The chestnut base color is created by the genotype “ee” at the extension locus. The crème dilution gene is the genotype C Ccr at the locus C. This gene lightens the “red” pigment of the chestnut base into yellow. Thus creating the golden coat color of the palomino horse. Genetically, this is how you get a palomino horse.

When two palomino horses are paired, there is a 50% chance a cremello foal will be produced instead of a palomino foal. Breeders also pair a palomino horse with a chestnut horse to increase the chance of producing palomino foals than cremello ones. But even then the chances of producing palomino horses are 50%.

The only way of getting a palomino foal for sure is to pair a red chestnut horse with a cremello horse. Hence, there is not a high guarantee that a palomino horse can always be bred. If you want, you can also purchase a registered palomino horse. It can cost from a few thousand dollars to tens of thousand dollars.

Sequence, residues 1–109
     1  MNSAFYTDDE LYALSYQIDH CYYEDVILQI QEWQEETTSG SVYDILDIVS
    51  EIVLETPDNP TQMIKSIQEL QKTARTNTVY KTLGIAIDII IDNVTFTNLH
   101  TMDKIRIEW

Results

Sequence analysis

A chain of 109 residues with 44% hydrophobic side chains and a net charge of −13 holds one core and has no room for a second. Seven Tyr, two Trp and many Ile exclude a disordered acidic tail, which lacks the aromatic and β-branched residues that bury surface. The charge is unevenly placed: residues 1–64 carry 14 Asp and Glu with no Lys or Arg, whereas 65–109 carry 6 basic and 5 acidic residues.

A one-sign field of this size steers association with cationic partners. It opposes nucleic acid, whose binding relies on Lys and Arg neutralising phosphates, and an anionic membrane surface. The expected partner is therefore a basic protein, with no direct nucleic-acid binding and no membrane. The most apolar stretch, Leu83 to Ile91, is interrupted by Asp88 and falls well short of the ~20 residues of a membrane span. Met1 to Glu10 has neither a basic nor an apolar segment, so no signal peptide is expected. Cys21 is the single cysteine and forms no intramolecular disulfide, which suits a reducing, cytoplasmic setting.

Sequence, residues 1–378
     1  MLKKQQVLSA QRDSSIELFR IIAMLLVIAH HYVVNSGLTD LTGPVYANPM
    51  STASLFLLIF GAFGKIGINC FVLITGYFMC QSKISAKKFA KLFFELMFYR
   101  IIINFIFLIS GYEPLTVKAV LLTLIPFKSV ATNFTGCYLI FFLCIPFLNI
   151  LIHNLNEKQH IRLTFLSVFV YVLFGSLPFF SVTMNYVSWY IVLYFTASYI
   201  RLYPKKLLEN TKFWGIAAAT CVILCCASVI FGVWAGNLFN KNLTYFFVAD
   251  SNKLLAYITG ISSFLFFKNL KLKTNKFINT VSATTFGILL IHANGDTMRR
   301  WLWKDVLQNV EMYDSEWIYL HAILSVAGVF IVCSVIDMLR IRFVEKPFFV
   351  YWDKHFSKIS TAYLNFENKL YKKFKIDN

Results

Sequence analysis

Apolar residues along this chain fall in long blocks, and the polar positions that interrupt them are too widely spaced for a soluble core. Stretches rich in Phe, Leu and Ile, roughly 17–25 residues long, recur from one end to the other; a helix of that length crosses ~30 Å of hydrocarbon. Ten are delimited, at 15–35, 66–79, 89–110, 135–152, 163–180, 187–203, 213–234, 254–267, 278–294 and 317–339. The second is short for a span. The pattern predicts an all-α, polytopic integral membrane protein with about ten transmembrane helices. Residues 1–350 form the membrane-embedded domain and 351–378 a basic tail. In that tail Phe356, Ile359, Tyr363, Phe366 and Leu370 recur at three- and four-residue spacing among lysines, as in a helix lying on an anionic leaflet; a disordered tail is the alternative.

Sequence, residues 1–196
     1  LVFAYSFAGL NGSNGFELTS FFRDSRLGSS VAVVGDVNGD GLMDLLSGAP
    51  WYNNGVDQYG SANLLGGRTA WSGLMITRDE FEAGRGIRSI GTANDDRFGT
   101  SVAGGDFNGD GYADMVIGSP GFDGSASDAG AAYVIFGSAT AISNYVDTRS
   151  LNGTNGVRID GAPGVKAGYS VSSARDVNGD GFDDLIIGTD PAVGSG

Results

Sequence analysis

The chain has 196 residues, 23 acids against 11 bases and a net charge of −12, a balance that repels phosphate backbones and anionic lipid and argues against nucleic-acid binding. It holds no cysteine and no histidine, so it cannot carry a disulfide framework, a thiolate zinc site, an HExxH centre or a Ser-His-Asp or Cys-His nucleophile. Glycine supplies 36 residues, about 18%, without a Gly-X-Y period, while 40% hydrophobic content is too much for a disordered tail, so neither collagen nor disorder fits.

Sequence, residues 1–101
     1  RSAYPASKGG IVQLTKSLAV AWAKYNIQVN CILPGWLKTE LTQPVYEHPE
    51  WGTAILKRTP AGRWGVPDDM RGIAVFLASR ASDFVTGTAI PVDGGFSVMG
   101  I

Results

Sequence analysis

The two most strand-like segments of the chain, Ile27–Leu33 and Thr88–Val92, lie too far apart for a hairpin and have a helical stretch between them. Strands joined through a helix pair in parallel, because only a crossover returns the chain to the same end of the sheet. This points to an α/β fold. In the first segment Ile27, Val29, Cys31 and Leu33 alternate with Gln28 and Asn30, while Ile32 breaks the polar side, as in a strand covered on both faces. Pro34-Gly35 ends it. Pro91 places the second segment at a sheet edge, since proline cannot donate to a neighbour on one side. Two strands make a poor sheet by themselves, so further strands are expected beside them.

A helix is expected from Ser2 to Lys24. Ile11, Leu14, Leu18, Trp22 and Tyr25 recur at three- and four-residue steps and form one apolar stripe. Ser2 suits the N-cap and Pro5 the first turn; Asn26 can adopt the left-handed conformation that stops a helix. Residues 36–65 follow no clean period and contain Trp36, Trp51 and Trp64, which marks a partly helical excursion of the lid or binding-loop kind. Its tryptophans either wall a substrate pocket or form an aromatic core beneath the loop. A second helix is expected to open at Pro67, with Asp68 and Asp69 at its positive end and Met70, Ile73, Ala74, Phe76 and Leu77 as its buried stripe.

Diet and Grooming for Palomino Horses

Looking after a palomino horse is similar to most horses. So, I won’t go much deep into the whole process of maintaining one. If you have any experience with keeping horses then you’ll be able to look after these Palomino horses easily.

But special care needs to be taken to maintain the beauty and lustre of the palomino’s coat. That’s why you need to focus on providing a proper diet and grooming your palomino. Here’s how you can do that,


Without a proper diet, a palomino horse will start smutting. That is, dark patches and other variations of it will appear on their coat. Moreover, the quality and shade of their coat can change for the worse without a balanced diet.